the way character creation is laid out is extremly unfortunate and counter intuitive

I would say that it is counterintuitive to us experienced players who are always looking for ways to "game the system", ie find out what choices we must make at character creation (and later on) to get the results most closely aligned to our objectives. We go at it with a mechanical concept in mind and the layout of the playtest CRB is even somewhat hostile to this way of creating PCs

But for a completely new player who only has a story concept for their character, it is plain and efficient to create the character they envision

I think the devs aim for the system to allow someone to create a character this way and have it be good at what it is supposed to do. Whether they succeeded in it or not will be an important finding of the playtest

even then, including the attribute score step-by-step into the character creation step-by-step seems more logical than the Choose-your-own-adventure-style approach of 'pleas skip ahead now to pg. 19' the playtest document provides


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I didn't play yet the game with this new version but I agree with the OP : this rulebook is a mess.

The different informations for one thing are dispersed in several chapers, it's gonna be awful to keep things fast during a combat.

The rules about damage are in the Playing the game chapter, pages away from the Encounter chapter, where are the infomations about attacks.

Guess what ? The rule about non-lethal damage (which states the penlty to your attack when you want to spare your enemy) is in the damage section, not the attack section.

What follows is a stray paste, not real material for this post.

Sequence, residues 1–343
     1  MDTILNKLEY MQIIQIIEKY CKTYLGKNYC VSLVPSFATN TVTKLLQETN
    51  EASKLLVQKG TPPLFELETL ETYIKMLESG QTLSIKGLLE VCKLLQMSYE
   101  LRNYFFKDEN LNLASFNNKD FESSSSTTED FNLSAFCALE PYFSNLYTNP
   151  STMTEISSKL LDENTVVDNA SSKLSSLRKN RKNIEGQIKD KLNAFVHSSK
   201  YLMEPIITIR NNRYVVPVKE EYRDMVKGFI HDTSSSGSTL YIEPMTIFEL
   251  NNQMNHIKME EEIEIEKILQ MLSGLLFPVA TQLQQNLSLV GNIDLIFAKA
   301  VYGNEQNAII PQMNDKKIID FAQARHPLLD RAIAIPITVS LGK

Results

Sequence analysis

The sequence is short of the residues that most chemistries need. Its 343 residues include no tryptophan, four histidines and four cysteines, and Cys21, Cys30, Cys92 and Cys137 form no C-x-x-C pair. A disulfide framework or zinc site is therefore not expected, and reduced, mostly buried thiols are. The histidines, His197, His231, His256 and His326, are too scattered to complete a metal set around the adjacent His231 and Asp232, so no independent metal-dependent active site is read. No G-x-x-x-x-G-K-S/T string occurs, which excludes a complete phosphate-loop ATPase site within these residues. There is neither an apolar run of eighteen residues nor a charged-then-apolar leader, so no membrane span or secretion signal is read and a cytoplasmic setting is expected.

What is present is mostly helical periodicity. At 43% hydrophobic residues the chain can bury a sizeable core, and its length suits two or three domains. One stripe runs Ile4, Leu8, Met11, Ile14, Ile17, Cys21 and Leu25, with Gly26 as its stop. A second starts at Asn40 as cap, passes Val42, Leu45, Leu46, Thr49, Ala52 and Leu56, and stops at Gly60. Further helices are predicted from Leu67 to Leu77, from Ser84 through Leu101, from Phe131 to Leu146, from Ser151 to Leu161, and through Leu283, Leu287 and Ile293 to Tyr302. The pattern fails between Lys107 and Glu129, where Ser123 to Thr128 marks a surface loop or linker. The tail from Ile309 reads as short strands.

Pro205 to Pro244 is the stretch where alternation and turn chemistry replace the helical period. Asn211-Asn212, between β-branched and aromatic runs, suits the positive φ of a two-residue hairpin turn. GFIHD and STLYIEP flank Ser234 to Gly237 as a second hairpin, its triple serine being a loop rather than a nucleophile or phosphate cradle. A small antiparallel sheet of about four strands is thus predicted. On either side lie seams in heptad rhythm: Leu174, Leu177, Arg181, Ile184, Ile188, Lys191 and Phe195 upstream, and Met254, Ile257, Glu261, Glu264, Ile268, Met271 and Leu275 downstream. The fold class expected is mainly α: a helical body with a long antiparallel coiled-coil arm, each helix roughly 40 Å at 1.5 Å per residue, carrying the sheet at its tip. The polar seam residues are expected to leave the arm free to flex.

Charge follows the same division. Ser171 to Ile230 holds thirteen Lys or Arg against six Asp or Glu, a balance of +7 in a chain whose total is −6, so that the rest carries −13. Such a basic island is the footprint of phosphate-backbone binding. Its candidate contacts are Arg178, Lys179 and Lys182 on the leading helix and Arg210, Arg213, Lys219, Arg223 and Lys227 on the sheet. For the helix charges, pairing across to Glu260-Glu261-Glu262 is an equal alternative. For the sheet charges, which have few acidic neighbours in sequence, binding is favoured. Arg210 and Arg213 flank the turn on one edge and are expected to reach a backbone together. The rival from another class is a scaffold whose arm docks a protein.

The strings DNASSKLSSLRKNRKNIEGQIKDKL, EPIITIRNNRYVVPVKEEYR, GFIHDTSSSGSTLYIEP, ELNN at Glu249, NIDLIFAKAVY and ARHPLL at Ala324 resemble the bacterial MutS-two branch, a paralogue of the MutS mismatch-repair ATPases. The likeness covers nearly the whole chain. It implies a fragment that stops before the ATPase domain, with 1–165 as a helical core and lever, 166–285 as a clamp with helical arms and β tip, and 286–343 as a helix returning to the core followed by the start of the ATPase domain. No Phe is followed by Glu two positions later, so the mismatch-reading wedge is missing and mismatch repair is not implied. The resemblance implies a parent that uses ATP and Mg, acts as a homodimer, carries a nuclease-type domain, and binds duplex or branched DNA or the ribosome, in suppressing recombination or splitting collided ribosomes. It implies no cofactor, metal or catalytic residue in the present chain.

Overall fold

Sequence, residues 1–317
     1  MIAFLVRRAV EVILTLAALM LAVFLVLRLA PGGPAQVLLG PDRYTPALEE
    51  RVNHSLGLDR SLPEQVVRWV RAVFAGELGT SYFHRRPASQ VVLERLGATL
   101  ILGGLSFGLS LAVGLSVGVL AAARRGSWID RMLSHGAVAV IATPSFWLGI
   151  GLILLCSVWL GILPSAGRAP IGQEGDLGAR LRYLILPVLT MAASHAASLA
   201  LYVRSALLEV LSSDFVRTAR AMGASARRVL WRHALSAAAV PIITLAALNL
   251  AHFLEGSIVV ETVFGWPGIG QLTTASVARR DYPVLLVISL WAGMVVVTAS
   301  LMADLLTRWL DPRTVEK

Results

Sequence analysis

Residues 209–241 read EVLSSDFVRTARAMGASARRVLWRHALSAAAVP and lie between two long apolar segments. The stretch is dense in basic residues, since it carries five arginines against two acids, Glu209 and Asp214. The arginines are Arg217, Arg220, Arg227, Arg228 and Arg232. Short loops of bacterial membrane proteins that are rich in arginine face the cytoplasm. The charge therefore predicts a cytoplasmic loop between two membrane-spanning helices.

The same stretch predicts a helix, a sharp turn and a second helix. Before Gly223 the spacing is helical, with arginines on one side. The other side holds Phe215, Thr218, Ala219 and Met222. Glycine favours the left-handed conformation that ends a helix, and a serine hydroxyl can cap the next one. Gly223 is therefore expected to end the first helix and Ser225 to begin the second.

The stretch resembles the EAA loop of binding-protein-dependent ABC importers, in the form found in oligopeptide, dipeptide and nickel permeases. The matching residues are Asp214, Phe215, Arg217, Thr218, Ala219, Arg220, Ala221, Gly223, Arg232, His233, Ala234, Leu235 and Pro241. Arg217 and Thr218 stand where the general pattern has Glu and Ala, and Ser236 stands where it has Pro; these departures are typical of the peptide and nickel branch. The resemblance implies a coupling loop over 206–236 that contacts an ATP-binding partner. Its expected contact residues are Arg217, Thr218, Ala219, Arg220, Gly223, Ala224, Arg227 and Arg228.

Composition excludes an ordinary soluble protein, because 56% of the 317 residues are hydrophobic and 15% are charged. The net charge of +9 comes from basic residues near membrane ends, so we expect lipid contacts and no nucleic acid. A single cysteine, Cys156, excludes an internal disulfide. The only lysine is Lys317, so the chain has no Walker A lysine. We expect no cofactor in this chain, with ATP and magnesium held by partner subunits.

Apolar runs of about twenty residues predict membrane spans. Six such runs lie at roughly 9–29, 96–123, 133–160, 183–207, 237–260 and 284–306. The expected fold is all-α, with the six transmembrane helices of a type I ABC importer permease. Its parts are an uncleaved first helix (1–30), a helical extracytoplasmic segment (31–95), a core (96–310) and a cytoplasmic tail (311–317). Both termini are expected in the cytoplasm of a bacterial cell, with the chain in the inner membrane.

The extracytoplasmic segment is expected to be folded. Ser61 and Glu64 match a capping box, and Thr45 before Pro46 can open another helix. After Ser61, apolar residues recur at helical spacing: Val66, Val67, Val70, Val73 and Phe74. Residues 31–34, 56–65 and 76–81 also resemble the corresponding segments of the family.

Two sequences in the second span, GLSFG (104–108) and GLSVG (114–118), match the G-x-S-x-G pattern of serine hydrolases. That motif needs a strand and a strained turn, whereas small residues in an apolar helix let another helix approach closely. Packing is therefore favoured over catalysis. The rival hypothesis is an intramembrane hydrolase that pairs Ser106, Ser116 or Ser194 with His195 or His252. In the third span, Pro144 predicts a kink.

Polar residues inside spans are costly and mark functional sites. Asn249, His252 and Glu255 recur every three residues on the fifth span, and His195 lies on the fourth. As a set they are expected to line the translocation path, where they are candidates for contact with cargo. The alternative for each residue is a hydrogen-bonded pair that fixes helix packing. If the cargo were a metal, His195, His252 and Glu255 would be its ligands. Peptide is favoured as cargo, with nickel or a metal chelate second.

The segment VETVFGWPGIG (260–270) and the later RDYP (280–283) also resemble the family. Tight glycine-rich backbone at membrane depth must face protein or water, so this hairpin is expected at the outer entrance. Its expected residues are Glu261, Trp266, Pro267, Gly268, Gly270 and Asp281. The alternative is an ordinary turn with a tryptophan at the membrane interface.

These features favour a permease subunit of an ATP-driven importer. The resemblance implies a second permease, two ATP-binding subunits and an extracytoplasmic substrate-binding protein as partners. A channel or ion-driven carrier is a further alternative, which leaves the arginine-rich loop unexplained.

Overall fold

A friend of mine looked at the rules for Counterspell, he must go in 4 différent chapters to understand the rules (aand he didn't yet know how it works).


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"seeks"?

That's a pretty big -- not to mention irrational -- jump. What could the motivation to deliberately "obfuscate important information" possibly be?

:rolleyes:


I found the section in the start of the book about terminology to be really helpful with some of those issues.


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Pathfinder Battles Case Subscriber; Pathfinder Roleplaying Game Superscriber; Pathfinder Starfinder Maps, Starfinder Roleplaying Game Subscriber
MerlinCross wrote:
Tumorseal wrote:

So.... you didn't read the step by step guide on how to create a character and are mad that your character came out wrong?

What "Flaw" means is kicked down to page 18, not actually brought up in the step by step guide.

Now to you and me, we can probably quickly understand what Flaw is. To someone else and someone maybe new, I can see Flaw being thought of a few different things.

Personally should maybe change the term?

It is right there in the step-by-step instructions:

page 19, step 2 wrote:
Then, apply the ability flaw your character’s ancestry requires, if any. An ability flaw reduces that ability score by 2.


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Fumarole wrote:
MerlinCross wrote:
Tumorseal wrote:

So.... you didn't read the step by step guide on how to create a character and are mad that your character came out wrong?

What "Flaw" means is kicked down to page 18, not actually brought up in the step by step guide.

Now to you and me, we can probably quickly understand what Flaw is. To someone else and someone maybe new, I can see Flaw being thought of a few different things.

Personally should maybe change the term?

It is right there in the step-by-step instructions:

page 19, step 2 wrote:
Then, apply the ability flaw your character’s ancestry requires, if any. An ability flaw reduces that ability score by 2.

In the ability section. Which the Character Gen section tell you to go read and then come back. Why can't Character Gen just tell you that?

It's a minor thing for me but for new players... hang on might be back after I show this to someone that hasn't played tabletop.

I suppose I would like to see a "Quick Start" chart or something but that's because I kinda know how this should work.


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MerlinCross wrote:

In the ability section. Which the Character Gen section tell you to go read and then come back. Why can't Character Gen just tell you that?